# Introduction

This post is related to the following two questions: How should you add dummy variables? How should you interpret the results?

It may be easier for us to understand theses questions if an example is used. So let’s create one. We will generate our own data. Wait, you may say why not use a real world example. The reason is that when data is collected from the real world, it’s hard (some time impossible) to know the true data-generating process. However, if the data is generated by ourselves, we know for sure how the data is generated. Of course, after the data is generated, we pretend we don’t know the data-generating process and use regression techniques to recover the true relationships. (well, you can also ask your colleague to generate the data and send it to you without telling you how the data is generated. )

# Generate data

Let’s go to our playground and generate the data. Say we want to study how salary is determined by education, experience, and whether someone is holding a management positon. Let’s play God and set up some rules:

1. The world is big enough for all of us. Everyone starts at 40k per year. That is, as long as you are breathing, you get 40k per year.

2. Practice makes perfect. Each additional year of experience, the salary increases by 5k.

3. The more you learn, the more you earn. The annual salary increase for high school, university, and PhD is 0, 10k, and 20k, respectively.

4. Anyone can hold the helm when the sea is calm. For those holding a management position, pay 20k more.

5. Born to be great leaders. For those only go to high school but hold a management position, give them an additional 30k.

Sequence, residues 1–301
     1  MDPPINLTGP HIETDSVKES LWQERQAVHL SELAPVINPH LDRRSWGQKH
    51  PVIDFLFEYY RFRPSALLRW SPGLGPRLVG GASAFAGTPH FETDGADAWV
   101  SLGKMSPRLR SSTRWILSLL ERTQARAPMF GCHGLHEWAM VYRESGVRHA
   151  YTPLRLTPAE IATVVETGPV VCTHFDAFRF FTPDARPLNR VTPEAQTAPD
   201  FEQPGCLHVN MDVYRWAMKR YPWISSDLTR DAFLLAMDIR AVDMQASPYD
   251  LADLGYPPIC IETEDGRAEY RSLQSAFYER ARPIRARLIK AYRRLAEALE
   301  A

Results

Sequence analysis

6. S**t happens. Random factors will affect the salary with a mean of 0 and standard deviation of 5k.

library(tidyverse)
require(lmtest)
require(car)

set.seed(1)
# generate data
set.edu<-c("high school", "university", "phd")
set.edu<-as.factor(set.edu)
levels(set.edu)<-c("high school","university", "phd")
#levels(set.edu)<-c("university", "phd","high school")

set.mngt<-c("yes","no")

n=5000
d<-data.frame(edu=replicate(n,sample(set.edu,1)),
exp=runif(n,min=0,max = 10),
mngt=replicate(n,sample(set.mngt,1)))

# error term is normal
e<-rnorm(n,0,5000)
# error term is not normal
# e<-rbeta(n,shape1 = 1,shape2 = 5)*5000
# hist(e)

d$salary<-40000+5000*d$exp+e

# education
d<-d %>% mutate(salary = case_when( edu  == "phd" ~ salary+20000,
edu  == "university" ~ salary+10000,
edu  == "high school" ~ salary+0
))

# management
d<-d %>% mutate(salary = case_when(
mngt == "yes" ~ salary + 20000,
mngt == "no"  ~ salary + 0
))

# born to be
d<-d %>% mutate(salary = case_when(
mngt == "yes" & edu == "high school" ~ salary + 30000,
TRUE ~ salary
))

attach(d)

Here is the head and summary of the data.

head(d); summary(d)
##           edu       exp mngt    salary
## 1 high school 0.3549953  yes  87800.96
## 2         phd 3.5570365   no  80815.61